Bava was used to making all the decisions, a big budget film (at least for him) was an entirely different can of worms as he was required to run everything by the production company for approval. Even with a budget of $3,000,000 everything had to be approved and accounted for, something Bava was not used to doing and therefore didn't bother using the full amount, amazingly he completed the film at around $400,000! This was accomplished by some amazing techniques that are barely noticeable, especially when you don't know about them before hand. For example Diabolik's underground lair was created using mattes attached to glass plates, the same technique was used on the deserted cabin where Eva Kant was being held, the cabin was a magazine cutout attached to a glass plate!
Under Bava's direction John Phillip Law was cast in the role of Diabolik, he was also scheduled to star in Barbarella shortly after filming wrapped. Law wanted to do the character justice and focused on the movement of the eyebrows, which were the only aspect of the character that wasn't hidden beneath the costume. This ended up helping him get the part as he held his eyebrow high during the interview and Bava frequently said "Look! It's Diabolik!"
The hardest character to cast was Eva Kant. Bava always wanted either Marilu Tolo or Marisa Mell to play the role, but once again his decisions were countered by the production company. Two girls were tested prior to Mell being cast, an unknown blonde who was a girlfriend of one of the Paramount executives (who couldn't act), and Catherine Deneuve. Deneuve was a talented actress but didn't get along well with Bava and ultimately didn't fit well in the part or seem to have much chemistry with Law. She refused to do the love making scene in the pile of money, and wouldn't even allow her calf or ankle to be filmed, all quite an ironic stance when right after she returned to France she starred in Belle de Jour where she appeared practically naked! Bava again lobbied for Marilu Tolo but the producer simply did not want her, so Bava's second choice of Marisa Mell eventually became the big compromise. But it was quickly evident that Marisa Mell was the best choice. The chemistry between her and Law was remarkable (in fact the two even lived together while shooting the film) and her seductive and mysterious charm was Eva Kant. The films' eventual release on video years later in the United States lead to Marisa Mell's stateside cult status.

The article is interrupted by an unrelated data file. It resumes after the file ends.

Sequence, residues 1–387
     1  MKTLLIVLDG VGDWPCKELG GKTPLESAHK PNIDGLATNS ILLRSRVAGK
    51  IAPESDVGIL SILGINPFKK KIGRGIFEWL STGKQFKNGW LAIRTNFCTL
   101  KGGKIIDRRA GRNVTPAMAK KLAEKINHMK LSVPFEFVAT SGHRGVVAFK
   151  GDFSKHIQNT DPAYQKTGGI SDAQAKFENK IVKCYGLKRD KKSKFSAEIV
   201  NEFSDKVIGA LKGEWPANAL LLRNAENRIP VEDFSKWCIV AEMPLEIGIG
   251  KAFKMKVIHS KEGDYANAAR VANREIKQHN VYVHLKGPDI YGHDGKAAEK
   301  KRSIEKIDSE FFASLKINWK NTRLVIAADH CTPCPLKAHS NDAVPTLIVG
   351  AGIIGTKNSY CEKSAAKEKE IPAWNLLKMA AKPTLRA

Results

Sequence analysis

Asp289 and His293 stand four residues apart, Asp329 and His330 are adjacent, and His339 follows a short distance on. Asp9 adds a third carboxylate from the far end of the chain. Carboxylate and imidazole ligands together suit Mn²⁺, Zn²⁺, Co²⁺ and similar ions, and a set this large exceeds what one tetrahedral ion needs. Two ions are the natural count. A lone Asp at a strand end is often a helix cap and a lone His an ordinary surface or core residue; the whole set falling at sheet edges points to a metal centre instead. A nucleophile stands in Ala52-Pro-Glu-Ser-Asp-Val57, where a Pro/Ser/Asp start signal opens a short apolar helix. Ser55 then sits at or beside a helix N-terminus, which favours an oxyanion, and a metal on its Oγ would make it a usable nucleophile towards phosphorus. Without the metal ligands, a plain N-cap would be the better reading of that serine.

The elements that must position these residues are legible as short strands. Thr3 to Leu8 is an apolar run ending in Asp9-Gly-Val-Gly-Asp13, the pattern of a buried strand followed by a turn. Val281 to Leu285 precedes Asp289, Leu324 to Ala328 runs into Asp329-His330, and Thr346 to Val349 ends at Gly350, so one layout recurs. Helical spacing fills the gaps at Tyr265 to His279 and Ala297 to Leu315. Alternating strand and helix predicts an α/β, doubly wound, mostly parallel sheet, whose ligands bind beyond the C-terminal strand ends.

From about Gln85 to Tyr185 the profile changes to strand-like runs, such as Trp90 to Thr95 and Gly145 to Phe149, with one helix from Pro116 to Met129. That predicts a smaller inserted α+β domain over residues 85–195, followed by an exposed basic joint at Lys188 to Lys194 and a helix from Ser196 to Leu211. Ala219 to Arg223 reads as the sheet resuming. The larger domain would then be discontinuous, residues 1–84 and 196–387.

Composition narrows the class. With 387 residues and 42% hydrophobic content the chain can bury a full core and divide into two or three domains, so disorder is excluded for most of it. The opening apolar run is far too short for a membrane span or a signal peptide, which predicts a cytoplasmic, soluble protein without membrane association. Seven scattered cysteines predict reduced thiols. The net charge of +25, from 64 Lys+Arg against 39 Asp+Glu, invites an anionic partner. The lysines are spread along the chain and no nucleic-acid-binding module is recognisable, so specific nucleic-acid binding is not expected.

Danger: Diabolik wasn't much of a success upon it's release, at least compared to Roger Vadim's Barbarella, which Law also had a role in. In the Italian box office it only brought in around $178,000 (Barbarella brought in three times that), yet expenditures to income made Danger: Diabolik the more profitable venture. Still it seemed to be successful enough in the eyes of the producer to request Bava return for a sequel, something he adamantly refused, and ventured back into directing films with even lower budgets where he was able to make all the decisions.
Often compared to the early James Bond series, the fact that Adolfo Celi (main villain from Thunderball) is one of the main adversaries for Diabolik probably doesn't help the sometimes numerous claims that Danger: Diabolik swipes a lot of Bond aspects. But the truth is it's more the other way around as it's a film that has done more of the influencing, including Bond films that followed. One film it definitely inspired was Roman Coppola's CQ, which featured a "film within the film", Code Name Dragonfly. Turns out Danger: Diabolik was the inspiration of that, and Mario Bava was the inspiration behind the character actor Jeremy Davies portrays who is a cinematographer turned director.
When it's all said and done Danger: Diabolik will always be mixed in with some of the similar style films of the 1960's, like Barbarella, but the fact is while it may not have gained the commercial success it's a superior film in almost every sense. From the non-static staged backdrops, superior story and acting, musical score by the famous Ennio Morricone, and the nothing short of amazing directing and style of Mario Bava who could create magic with a budget that wouldn't even cover a brief CGI sequence of a modern day film, Danger: Diabolik is easily one of the best cult films around, and I'd argue pound for pound one of the better comic book themed films ever made, and everyone ought to see it once.